Smarter, Better, Faster Millennial
In the last century, following the social, economic and political crisis of the Great Depression, the federal government put in place a series of programs and reforms to prevent that kind of devastation from ever happening again. A safety net was established in the form of Social Security and Medicaid and new regulations were imposed to create stability in the banking and finance industries. The economy slowly recovered, and then took off after World War II—generating widespread prosperity and making things like home ownership a reality for an ever-growing middle class.
But in the new century, the American economy—and with it, the American Dream—has taken a couple of stiff blows to the gut. The longest bull market in the history of the stock market ballooned into a bubble, and in 2000, that bubble burst. A housing bubble built up soon after that, and the bursting of that bubble in 2008 set off a worldwide financial crisis and recession. The crisis not only destroyed wealth and devastated retirement accounts but, also, stalled and hobbled the ability of young people to build earning potential and begin generating wealth.
The economy and the market have bounced back (for now). For those who are enterprising and can adapt to an ever-changing economy, the possibilities are endless. Yet the old certainties of previous generations are gone. The likelihood that you will stay in one job, or even one career, is slim. The employer-funded pension plans that used to promise an early and comfortable retirement are the exception rather than the rule. Workers increasingly must take steer their own retirement plans, and can expect less from the safety net of Social Security.
I point out these realities not to discourage you but to light a fire. Millennials, more than any previous generation, have to take charge of their long-term financial health. And to get where you want to go, you’re going to have to save smarter, earn smarter, and invest smarter. In spite of the tough hand you’ve been dealt economically, you have time is on your side and the opportunities and tools for doing so have never been greater.
It’s important to start a program of saving and investing however imperfect or incomplete the plan. But once you’ve done so you’ll find, if you project the numbers out into the future, that at some point you’re going to have to step up and take it to a different level. If you can set aside 5% of your income to start, you can eventually double that—whether you do so by committing pay advances ahead of time or by seeking out additional ways to save.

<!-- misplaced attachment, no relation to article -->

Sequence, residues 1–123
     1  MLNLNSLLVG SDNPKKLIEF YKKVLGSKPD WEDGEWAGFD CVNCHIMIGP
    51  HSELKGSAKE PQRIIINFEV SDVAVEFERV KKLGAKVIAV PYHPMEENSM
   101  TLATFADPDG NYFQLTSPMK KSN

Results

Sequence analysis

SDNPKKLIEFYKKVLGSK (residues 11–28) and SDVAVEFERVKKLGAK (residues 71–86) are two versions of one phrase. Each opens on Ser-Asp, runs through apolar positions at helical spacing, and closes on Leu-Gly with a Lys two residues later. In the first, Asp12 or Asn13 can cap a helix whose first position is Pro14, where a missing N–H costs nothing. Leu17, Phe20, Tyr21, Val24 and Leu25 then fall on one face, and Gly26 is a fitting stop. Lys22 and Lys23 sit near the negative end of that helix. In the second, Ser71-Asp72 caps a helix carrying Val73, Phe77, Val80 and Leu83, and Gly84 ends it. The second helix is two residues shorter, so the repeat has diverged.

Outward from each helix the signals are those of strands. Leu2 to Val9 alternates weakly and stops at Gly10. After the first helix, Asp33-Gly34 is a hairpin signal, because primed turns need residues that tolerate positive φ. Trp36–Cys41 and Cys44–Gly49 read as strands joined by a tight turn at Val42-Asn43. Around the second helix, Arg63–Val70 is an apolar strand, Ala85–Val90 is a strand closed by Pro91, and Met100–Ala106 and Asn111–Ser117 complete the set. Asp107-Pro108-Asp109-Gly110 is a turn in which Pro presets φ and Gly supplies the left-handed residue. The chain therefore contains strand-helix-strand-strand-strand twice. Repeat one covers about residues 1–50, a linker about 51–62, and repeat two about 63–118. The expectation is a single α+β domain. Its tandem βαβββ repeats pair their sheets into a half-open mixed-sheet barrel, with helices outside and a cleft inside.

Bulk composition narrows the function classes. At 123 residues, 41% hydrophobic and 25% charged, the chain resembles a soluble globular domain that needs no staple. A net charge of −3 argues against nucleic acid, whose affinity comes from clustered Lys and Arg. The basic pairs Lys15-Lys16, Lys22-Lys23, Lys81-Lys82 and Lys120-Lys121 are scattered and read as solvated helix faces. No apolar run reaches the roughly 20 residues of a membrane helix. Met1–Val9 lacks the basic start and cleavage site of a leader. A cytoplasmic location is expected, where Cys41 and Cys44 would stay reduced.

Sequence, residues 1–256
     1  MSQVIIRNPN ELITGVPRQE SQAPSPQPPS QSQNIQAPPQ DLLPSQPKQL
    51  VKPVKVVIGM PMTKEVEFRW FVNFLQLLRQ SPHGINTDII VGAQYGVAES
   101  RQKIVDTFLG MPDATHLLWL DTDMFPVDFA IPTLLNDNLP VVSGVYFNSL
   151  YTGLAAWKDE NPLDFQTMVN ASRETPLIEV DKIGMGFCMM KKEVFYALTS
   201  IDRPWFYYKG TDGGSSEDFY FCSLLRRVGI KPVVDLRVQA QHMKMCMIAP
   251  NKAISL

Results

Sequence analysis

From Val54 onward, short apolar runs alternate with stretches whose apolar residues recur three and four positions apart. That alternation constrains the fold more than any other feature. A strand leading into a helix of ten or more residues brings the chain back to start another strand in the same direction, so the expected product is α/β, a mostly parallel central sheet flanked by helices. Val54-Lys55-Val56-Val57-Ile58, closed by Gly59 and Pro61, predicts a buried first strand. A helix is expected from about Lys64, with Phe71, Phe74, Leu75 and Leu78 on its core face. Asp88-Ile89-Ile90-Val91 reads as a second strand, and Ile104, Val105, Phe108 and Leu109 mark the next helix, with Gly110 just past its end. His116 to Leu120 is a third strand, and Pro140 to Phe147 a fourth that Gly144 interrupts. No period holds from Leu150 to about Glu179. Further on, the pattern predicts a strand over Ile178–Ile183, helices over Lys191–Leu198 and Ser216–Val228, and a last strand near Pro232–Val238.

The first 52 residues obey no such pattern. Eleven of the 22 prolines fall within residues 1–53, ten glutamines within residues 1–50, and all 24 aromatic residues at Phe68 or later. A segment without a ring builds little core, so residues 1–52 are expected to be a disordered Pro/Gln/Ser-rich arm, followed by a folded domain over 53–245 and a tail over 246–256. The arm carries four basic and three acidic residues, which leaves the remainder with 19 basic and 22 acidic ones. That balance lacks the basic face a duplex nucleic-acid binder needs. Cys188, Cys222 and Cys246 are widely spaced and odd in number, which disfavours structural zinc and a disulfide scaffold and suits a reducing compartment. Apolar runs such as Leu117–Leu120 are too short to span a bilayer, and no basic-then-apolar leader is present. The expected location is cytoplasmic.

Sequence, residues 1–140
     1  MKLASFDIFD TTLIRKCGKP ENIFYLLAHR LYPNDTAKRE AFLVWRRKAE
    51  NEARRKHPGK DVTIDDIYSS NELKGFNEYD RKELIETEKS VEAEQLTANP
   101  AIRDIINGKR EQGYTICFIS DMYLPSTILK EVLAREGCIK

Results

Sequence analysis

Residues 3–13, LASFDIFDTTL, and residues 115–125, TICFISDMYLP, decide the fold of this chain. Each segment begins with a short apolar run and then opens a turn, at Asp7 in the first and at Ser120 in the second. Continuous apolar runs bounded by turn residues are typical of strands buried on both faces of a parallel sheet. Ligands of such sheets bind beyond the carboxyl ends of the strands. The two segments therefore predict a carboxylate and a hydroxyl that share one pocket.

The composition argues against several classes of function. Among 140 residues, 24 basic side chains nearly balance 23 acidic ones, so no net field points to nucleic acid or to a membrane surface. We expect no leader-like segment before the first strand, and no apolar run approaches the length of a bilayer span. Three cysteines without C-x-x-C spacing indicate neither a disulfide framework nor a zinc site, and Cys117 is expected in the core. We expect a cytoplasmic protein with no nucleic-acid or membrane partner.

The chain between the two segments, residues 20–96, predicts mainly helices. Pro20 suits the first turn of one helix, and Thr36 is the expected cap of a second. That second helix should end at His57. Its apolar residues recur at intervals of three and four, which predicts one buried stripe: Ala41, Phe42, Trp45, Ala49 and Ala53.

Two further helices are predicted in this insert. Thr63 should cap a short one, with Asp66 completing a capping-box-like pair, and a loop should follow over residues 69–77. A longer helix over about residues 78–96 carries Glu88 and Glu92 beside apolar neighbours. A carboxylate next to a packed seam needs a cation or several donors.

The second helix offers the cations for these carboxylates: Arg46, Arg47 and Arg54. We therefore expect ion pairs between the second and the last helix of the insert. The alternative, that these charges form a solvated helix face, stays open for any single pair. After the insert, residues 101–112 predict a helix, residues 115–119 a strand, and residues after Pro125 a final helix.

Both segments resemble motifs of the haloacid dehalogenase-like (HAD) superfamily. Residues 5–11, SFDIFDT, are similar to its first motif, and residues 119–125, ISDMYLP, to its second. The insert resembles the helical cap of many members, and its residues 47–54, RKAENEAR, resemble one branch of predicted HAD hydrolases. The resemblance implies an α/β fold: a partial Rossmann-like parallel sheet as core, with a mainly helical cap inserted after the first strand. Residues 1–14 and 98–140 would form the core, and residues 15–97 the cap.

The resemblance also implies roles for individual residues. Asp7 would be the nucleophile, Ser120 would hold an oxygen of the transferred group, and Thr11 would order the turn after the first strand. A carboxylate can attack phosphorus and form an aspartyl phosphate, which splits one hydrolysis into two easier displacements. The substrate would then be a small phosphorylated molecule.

You can’t improve on what you don’t measure, so if you need to save more, I urge you to track your expenses and look for opportunities to cut back. You may find, for example, that you’re spending more than you realize on eating out—whether that be a $4 latte at Starbucks, a deli sandwich for lunch, or drinks and appetizers after work. Cutting back $50 a month may not seem like much, but it adds up.
I advise identifying every potential expenditure in terms of future and not present value. That same $50 in today’s money, if saved and invested, can turn into ten times that in twenty years.
There are a bunch of creative ways to save and set aside more for the future. These include accelerating payments on your mortgage to save thousands in interest and considering a move to an area with lower taxes and living expenses (such as Florida, or even somewhere abroad). There are dozens of books and websites with tips on saving. You can PM me on Facebook or LinkedIn for suggestions. I can help you put it all on the table and figure out what’s right for you. Unless you’re extremely fortunate, the odds are you’re going to have to be creative and learn how to save more, and save smarter.
One of the main choices you will face as an investor is whether to try to ride the market through a largely passive approach, or to try to beat it by selectively going against the grain of conventional wisdom and the current mood of the market. I’ve suggested in a previous article that this is not an either/or choice and that you combine passive and active strategies in a way that best suits your situation and your temperament.